Chronic conditions are defined as conditions persisting for 12 months or more that limit self-care and independent living and require ongoing medical intervention [13,14]. Multiple chronic conditions are the presence of more than 1 chronic condition [15,16] and are termed as comorbidities, specifically in elderly people [17,18]. The majority of elderly patients with dizziness have chronic diseases, such as hypertension, diabetes mellitus (DM), dyslipidemia, and thyroid dysfunction [19].

Neuhauser et al examined the association of vestibular vertigo with sociodemographic factors and comorbid conditions in the general population. They found that hypertension and elevated levels of blood lipids had an independent effect on vestibular vertigo in the past 12 months [20]. Maarsingh et al found that cardiovascular disease was the most common major cause of dizziness in elderly patients in primary care [21]. Angela et al found that there was a statistically significant difference in the occurrence of Ménière’s disease (MD) attacks between patients with MD who did and did not have risk factors, which were defined as excessive body mass index, dyslipidemia, hypertension, smoking status and type 2 DM (T2DM) [22]. Li and his colleague found that patients with T2DM have a higher incidence of vestibular dysfunction. Vestibular dysfunction, visual system impairment, and a decline in motion control may be risk factors that lead to falls [23].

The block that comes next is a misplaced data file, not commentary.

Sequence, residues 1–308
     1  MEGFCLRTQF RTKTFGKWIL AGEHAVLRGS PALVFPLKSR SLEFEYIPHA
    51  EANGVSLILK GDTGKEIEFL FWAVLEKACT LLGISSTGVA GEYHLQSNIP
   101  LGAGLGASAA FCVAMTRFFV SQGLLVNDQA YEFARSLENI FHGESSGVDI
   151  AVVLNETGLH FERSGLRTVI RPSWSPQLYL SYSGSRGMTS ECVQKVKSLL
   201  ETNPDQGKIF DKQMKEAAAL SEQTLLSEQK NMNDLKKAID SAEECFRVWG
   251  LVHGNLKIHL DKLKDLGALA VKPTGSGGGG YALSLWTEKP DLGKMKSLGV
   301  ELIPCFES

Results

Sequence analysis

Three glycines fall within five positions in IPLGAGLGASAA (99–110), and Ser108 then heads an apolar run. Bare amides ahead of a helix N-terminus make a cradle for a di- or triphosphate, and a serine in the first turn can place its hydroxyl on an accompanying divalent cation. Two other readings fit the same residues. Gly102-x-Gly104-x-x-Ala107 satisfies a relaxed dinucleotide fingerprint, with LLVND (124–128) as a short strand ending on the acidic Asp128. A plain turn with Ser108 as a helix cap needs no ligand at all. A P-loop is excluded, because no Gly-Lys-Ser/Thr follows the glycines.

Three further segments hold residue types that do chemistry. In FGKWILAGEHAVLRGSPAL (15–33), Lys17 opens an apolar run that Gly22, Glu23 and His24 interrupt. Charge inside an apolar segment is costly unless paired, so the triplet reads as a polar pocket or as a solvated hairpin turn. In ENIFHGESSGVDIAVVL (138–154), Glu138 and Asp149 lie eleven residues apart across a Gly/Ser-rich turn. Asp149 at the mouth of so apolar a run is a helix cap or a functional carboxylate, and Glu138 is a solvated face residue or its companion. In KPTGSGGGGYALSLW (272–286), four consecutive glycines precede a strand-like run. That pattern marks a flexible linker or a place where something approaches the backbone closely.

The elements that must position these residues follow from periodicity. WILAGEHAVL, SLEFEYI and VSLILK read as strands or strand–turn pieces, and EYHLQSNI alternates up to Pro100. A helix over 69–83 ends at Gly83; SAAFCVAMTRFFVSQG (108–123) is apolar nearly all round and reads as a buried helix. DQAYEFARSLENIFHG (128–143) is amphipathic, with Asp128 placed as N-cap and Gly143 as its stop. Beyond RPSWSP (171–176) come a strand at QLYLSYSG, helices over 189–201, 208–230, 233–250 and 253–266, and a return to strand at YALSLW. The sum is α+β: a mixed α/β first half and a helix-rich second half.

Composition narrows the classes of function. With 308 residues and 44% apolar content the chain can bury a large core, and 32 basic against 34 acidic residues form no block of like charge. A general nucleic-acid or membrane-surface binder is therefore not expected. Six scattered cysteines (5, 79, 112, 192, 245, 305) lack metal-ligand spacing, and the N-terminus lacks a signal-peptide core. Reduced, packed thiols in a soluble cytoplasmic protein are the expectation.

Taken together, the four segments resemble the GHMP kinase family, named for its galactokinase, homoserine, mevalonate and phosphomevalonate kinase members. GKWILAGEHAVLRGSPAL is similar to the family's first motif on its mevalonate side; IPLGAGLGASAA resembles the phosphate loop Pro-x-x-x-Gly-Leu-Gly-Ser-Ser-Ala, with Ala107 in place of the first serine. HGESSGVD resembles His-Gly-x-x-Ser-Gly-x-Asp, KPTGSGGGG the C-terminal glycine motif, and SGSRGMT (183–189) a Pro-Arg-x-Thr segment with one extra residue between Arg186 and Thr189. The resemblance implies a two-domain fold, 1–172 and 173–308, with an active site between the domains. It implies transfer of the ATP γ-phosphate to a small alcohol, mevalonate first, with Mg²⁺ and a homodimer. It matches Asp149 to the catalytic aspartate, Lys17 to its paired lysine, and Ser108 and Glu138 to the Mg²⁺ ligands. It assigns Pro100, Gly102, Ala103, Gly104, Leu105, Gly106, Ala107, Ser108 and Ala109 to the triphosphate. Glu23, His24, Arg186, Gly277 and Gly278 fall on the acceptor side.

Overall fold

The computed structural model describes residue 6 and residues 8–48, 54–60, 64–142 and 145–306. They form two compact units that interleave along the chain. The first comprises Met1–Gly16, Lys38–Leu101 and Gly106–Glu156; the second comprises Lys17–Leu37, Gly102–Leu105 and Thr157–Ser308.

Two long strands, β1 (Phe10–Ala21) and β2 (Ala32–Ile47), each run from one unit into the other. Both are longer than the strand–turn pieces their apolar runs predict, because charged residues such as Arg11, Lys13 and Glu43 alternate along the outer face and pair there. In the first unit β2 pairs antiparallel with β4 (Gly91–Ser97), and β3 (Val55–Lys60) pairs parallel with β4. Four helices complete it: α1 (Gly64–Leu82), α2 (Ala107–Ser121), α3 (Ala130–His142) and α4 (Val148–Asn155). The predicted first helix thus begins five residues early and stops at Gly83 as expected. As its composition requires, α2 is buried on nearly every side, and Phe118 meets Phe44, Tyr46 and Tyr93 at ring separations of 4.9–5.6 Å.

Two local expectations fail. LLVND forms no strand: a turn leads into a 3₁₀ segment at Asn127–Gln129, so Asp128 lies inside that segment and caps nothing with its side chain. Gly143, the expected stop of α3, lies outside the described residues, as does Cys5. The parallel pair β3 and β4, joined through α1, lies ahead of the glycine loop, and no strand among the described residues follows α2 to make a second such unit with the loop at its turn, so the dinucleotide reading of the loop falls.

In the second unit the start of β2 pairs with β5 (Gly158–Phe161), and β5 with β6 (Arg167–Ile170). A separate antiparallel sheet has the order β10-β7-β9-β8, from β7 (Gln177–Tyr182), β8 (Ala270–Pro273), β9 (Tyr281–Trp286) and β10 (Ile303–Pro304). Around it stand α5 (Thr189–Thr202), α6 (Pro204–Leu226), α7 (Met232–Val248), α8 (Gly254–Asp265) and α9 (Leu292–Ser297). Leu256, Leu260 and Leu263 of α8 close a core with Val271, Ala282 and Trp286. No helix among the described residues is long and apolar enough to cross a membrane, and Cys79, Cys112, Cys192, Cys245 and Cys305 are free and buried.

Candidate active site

In adult outpatients with dizziness, however, the relationship between chronic conditions and balance disorders remains unclear. Thus, the present study attempted to investigate the association between chronic conditions and balance disorders.

Material and Methods